SaddamÂ’s uranium arrives in Canada

MONTREAL, QUEBEC - Canada is the new home to a massive stockpile of concentrated natural uranium from Iraq, the last major remnant of Saddam HusseinÂ’s nuclear program.

The 550 tonnes of “yellowcake,” the seed material for higher-grade nuclear enrichment, was sold to Canadian uranium producer Cameco Corp. in a transaction the official described as worth “tens of millions of dollars.”

A ship carrying the cargo arrived July 5 in Montreal and Cameco spokesperson Lyle Krahn said the yellowcake will be processed at facilities in Ontario for use in energy-producing reactors.

“We are pleased... that we have taken (the yellowcake) from a volatile region into a stable area to produce clean electricity,” he said.

However, there was no confirmation from the Port of Montreal.

Robert Desjardins, co-ordinator of the port, said “we don’t have any information” on such a shipment arriving there.

He said no ships under American flags were listed as being in the port Saturday, or as being expected.

The deal culminated more than a year of intense diplomatic and military initiatives — kept hushed in fear of ambushes or attacks once the convoys were under way.

It was a significant step toward closing the books on SaddamÂ’s nuclear legacy.

But it also raises serious security concerns, an environmental activist said Saturday.

“Cameco has made it clear that this uranium will simply be integrated into their commercial processing stream at its refinery in Port Hope and I assume that this uranium still needs to be shipped from Montreal to Port Hope — if it hasn’t already been sent, not clear whether that’s going by land or by sea, could be either, or by air,” said Dave Martin, the energy co-ordinator for Greenpeace Canada.

“I think Cameco and the Canadian government owe the Canadian public some disclosure on that front.”

WhatÂ’s now left is the final and complicated push to clean up the remaining radioactive debris at the former Tuwaitha nuclear complex about 20 kilometres south of Baghdad.

While yellowcake alone is not considered potent enough for a so-called “dirty bomb” — a conventional explosive that disperses radioactive material — it could stir widespread panic if incorporated in a blast.

Moving the yellowcake faced numerous hurdles.

Diplomats and military leaders first weighed the idea of shipping the yellowcake overland to KuwaitÂ’s port on the Persian Gulf.

Such a route, however, would pass through IraqÂ’s Shiite heartland and be within easy range of extremists.

The ship also would need to clear the narrow Strait of Hormuz at the mouth of the Gulf, where U.S. and Iranian ships often come in close contact.

Kuwaiti authorities, too, were reluctant to open their borders to the shipment despite top-level lobbying from Washington.

The yellowcake still needed a final destination.

Iraqi government officials sought buyers on the commercial market, where uranium prices spiked at about $120 (US) per pound last year. ItÂ’s currently selling for about half that.

The Cameco deal was reached earlier this year, the official said.

At that point, U.S.-led crews began removing the yellowcake from the Saddam-era containers, some leaking or weakened by corrosion, and reloading the material into about 3,500 secure barrels.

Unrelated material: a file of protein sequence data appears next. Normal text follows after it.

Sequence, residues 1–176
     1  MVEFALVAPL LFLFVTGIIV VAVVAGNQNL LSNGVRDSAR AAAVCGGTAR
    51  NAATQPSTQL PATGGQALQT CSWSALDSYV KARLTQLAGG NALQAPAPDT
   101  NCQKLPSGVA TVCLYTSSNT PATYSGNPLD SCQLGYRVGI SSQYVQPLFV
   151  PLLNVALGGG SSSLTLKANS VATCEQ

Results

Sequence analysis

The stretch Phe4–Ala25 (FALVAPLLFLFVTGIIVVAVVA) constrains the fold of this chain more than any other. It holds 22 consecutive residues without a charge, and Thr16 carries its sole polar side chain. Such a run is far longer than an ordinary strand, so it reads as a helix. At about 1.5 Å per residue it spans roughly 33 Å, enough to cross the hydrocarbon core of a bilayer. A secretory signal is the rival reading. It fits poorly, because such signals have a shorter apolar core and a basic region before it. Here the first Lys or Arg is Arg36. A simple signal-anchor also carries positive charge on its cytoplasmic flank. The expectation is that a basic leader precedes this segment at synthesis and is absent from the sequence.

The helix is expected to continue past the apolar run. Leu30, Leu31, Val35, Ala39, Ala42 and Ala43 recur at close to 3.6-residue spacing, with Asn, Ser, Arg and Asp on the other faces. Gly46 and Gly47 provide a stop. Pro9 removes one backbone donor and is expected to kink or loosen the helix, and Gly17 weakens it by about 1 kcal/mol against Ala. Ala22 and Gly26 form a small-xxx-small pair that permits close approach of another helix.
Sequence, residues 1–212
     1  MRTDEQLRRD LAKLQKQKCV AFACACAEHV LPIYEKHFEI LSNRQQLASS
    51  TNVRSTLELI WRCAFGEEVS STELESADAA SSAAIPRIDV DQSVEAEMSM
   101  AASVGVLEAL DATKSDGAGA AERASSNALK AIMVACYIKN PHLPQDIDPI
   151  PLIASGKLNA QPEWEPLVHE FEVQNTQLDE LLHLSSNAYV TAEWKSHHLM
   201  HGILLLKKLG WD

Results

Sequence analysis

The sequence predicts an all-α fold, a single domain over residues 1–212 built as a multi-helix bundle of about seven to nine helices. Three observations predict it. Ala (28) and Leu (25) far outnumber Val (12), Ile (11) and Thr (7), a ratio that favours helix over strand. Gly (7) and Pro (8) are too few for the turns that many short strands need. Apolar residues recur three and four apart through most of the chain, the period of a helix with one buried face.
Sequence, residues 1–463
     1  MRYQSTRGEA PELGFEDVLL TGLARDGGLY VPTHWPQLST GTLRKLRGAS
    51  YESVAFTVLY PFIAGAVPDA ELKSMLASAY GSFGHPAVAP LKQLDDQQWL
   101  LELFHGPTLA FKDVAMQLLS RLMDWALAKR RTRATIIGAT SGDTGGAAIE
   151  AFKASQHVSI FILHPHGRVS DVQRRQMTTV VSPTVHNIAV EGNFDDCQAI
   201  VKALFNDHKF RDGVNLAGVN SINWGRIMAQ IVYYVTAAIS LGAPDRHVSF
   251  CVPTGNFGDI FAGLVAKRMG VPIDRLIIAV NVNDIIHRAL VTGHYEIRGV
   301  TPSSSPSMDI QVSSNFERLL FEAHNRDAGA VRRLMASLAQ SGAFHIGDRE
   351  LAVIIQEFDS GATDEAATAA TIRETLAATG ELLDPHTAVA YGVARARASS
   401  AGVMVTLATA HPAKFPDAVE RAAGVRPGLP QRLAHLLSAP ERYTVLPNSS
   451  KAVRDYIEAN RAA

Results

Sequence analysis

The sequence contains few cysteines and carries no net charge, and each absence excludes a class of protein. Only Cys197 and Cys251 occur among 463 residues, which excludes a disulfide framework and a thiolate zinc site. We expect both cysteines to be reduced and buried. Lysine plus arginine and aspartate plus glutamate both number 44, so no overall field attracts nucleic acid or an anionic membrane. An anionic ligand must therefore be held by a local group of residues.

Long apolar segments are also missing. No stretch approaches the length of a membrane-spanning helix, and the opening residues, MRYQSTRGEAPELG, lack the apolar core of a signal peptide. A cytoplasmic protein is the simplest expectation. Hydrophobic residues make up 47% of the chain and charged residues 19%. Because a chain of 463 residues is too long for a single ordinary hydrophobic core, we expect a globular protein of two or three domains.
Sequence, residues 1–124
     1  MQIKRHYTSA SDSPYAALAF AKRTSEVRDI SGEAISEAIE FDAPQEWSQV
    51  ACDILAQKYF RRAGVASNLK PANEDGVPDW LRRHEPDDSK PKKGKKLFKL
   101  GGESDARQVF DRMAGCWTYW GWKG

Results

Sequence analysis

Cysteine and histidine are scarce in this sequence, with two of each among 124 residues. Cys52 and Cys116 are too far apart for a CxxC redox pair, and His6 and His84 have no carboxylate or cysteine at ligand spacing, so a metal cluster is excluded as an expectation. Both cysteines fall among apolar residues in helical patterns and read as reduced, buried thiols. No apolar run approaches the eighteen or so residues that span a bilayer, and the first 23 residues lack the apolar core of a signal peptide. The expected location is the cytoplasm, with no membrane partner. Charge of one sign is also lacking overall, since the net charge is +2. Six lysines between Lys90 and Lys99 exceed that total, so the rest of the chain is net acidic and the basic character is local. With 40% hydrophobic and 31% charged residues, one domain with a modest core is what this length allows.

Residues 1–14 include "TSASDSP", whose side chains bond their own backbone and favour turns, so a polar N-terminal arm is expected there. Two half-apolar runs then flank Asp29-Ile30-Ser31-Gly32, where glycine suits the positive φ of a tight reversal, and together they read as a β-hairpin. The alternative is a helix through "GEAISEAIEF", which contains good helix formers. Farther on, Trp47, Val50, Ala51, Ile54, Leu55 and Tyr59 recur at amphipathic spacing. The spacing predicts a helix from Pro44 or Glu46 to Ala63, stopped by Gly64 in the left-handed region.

In April, truck convoys started moving the yellowcake from Tuwaitha to BaghdadÂ’s international airport.

Then, for two weeks in May, it was ferried on 37 flights to Diego Garcia, a speck of British territory in the Indian Ocean where the U.S. military maintains a base. On June 3, an American ship left the island for Montreal.

Yellowcake can also be enriched for use in reactors and, at higher levels, nuclear weapons using sophisticated equipment.

Yellowcake is obtained by using various solutions to leach out uranium from raw ore and can have a corn meal-like colour and consistency.

It poses no severe risk if stored and sealed properly.

However, exposure can carry well-documented health concerns associated with heavy metals such as damage to internal organs, experts say.

“The big problem comes with any inhalation of any of the yellowcake dust,” said Doug Brugge, a professor of public health issues at the Tufts University School of Medicine.

The yellowcake wasnÂ’t the only dangerous item removed from Tuwaitha.

Earlier this year, the military withdrew four devices for controlled radiation exposure from the former nuclear complex.

The lead-enclosed irradiation units, used to decontaminate food and other items, contain elements of high radioactivity that could potentially be used in a weapon.

Their Ottawa-based manufacturer, MDS Nordion, took them back for free, an official said.

The yellowcake was the last major stockpile from SaddamÂ’s nuclear efforts, but years of final cleanup is ahead for Tuwaitha and other smaller sites.

The yellowcake issue is one of the many troubling footnotes of the war for Washington.

A CIA officer, Valerie Plame, claimed her identity was leaked to journalists to retaliate against her husband, former Ambassador Joe Wilson, who wrote that he had found no evidence to support assertions that Iraq tried to buy additional yellowcake from Niger.

A federal investigation led to the conviction of I. Lewis (Scooter) Libby, Vice President Dick CheneyÂ’s chief of staff, on charges of perjury and obstruction of justice.


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